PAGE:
Songs and Detention and Rock’n’Roll [March 5]
On Monday 2 July 2007, Dr. Mohamed Haneef was arrested at Brisbane International Airport for allegedly assisting a terrorist organisation. Detained for 12 days, Haneef made history by becoming the first person detained under the extraordinary provisions of Australia’s new anti-terrorism laws.
Based on the transcripts of the following interrogation, playwright Graham Pitts and director Gorkem Acaroglu have turned Dr Haneef’s interrogation into a two-man play.
I saw the opening night of a short season of ‘Haneef: The Interrogation’ at the Gasworks Theatre in South Melbourne recently. Whilst it was interesting to eavesdrop on the interrogation techniques of an Australian Federal policeman, it didn’t work so well as theatre. The production claims to ‘raise the possibility of the extinction of civil liberties in an increasingly censored society’, a threat which i take very seriously. But this interrogation doesn’t offer strong evidence that such a threat is imminent. The policeman questioning Dr Haneef seemed to me to be simply doing his job, and in the absence of any outrage-provoking interrogation techniques, the writer was forced to create a small chorus of two commentators who try to persuade the audience that what they are watching is indeed outrageous.
The real outrage in the Haneef incident was in the way our conservative federal politicians used the case to provoke fear and xenophobia in the wider community, and how Dr Haneef was eventually deported from the country on the basis of selectively leaked information and innuendo. Now THAT would be an interesting subject for a work of theatre.
It will have another season soon at La Mama theatre in Carlton – decide for yourself.
Over at The Arts Centre, the Melbourne Theatre Company is offering a production of Tom Stoppard’s play Rock’n’Roll. It follows the lives of three generations of one English family caught up in the ideological battles of the Cold War, and of a Czech student who lives through the momentous political changes in Eastern Europe in the last three decades of the 20th century.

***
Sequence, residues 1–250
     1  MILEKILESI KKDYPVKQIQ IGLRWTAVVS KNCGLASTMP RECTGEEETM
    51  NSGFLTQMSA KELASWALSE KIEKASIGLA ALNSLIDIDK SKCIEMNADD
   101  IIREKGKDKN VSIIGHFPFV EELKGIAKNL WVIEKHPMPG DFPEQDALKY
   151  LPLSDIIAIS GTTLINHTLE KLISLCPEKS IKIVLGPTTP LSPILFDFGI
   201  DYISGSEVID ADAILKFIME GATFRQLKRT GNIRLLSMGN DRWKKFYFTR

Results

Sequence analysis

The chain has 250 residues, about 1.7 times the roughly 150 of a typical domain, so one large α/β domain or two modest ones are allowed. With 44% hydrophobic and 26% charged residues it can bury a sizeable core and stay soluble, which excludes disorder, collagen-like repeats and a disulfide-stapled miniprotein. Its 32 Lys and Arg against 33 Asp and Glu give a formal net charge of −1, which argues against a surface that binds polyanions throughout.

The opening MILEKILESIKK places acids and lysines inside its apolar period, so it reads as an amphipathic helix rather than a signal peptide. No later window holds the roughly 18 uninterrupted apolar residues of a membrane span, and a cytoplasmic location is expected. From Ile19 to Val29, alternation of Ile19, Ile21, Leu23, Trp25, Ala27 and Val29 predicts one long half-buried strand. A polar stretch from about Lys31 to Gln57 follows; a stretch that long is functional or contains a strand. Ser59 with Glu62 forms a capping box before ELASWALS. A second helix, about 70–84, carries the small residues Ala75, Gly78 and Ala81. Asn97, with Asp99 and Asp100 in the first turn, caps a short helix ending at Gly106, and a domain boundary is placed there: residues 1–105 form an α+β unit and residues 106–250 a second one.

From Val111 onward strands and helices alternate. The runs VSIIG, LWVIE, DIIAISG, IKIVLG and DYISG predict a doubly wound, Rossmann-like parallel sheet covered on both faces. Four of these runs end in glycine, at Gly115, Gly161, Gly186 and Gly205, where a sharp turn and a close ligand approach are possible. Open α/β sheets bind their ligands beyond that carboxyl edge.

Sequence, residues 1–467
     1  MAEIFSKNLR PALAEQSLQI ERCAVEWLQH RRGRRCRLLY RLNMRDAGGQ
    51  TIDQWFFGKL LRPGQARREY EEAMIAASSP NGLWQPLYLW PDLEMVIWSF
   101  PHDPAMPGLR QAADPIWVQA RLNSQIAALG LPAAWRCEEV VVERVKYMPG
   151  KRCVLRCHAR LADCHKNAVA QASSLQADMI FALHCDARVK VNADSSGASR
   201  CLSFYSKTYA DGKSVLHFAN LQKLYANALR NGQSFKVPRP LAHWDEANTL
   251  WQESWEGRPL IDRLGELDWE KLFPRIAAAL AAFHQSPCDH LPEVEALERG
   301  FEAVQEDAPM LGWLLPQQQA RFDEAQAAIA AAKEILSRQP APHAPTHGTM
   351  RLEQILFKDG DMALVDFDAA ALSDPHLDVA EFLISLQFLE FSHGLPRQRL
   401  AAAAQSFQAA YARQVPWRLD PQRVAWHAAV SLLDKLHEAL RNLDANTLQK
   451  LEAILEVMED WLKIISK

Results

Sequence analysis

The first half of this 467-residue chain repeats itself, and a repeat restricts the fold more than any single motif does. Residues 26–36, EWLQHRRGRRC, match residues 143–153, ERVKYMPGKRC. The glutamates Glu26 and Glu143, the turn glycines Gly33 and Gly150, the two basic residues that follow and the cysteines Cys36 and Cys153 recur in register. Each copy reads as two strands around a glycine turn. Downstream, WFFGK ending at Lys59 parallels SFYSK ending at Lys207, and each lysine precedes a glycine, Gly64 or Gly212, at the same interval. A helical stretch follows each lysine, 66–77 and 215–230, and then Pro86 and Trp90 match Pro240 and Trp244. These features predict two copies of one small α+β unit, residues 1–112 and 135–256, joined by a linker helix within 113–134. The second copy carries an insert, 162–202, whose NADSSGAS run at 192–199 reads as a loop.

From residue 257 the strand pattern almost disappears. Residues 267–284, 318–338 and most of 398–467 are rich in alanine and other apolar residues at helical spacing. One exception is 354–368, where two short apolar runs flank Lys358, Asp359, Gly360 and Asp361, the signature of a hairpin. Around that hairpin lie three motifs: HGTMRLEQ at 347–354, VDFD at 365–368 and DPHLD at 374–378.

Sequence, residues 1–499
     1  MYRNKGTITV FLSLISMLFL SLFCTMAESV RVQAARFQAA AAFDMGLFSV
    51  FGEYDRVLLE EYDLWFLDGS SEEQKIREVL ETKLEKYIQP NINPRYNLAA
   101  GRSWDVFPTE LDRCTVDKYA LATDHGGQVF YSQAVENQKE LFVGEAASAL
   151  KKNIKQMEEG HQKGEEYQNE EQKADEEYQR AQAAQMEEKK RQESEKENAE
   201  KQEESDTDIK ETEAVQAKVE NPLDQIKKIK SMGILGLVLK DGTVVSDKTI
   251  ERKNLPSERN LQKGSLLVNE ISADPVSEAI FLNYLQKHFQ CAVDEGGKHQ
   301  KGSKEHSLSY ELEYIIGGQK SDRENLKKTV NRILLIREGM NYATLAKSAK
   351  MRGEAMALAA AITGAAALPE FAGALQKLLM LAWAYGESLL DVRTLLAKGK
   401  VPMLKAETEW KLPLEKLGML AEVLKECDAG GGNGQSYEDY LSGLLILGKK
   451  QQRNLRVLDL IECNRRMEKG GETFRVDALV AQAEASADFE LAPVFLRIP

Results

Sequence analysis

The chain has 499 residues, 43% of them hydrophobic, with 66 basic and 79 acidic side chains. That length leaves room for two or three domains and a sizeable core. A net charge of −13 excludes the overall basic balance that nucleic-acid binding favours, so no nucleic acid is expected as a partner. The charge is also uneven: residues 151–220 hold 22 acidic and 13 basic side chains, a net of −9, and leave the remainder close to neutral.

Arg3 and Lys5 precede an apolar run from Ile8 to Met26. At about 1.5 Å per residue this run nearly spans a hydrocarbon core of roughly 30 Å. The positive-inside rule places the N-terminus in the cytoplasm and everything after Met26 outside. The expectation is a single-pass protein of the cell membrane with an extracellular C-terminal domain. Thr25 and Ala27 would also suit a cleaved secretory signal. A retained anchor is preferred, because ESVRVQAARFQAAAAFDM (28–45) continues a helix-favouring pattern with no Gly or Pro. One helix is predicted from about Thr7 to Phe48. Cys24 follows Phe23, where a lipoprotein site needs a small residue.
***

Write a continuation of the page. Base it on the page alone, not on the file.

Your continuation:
The acting is very strong; I’ve never seen Genevieve Picot do better work on the stage. It’s a long play, and at times the pace seems too hurried for the complex content – perhaps the director was worried about our short little spans of attention. But the intellectual and emotional content is fascinating – idealism versus the brutal reality of human political behaviour – Marxist communism versus the Stalinist corruption of that vision – and the anarchic, dionysian pleasures of rock’n’roll (and love) versus the authoritarian impulse to control and limit those pleasures. I came away wanting to read the script, at my own pace, to take it all in.
In the Fairfax Studio at the Arts Centre you can see ‘Love Song‘, a Seinfeld-meets-Woody-Allen-style American comedy about love and madness. It has a relentless kind of hysteria to it, and yet it’s also deeply sentimental. Funny, exhausting, and in the end not entirely satisfying. But Thomas Wright, who plays a vulnerable young man called Beane, is marvellous. Watch his hands closely, for a lesson in the craft of building up a character with physical idiosyncracies.
Paul Kelly: A to Z – “C” Songs Available For Free Download from March 1st
The rollout continues. On March 1 Paul posted new recordings of 8 songs starting with C and taking down February’s Bs.
A couple of songs released by other artists but not until now by Paul make their
debut – (The) Cake And The Candle first performed by Kate Ceberano and Renee Geyer
as well as Cradle Of Love by Ann Kirkpatrick and Kelly Willis. Coma, a tune
co-written with Professor Ratbaggy, is now a strange klezmerish mutation
with clarinet by Sian Prior. Check out Charlie Owen’s Slide Guitar, a
tribute to a man, and the stark and shivery Change Your Mind.
Click here to collect your free downloads.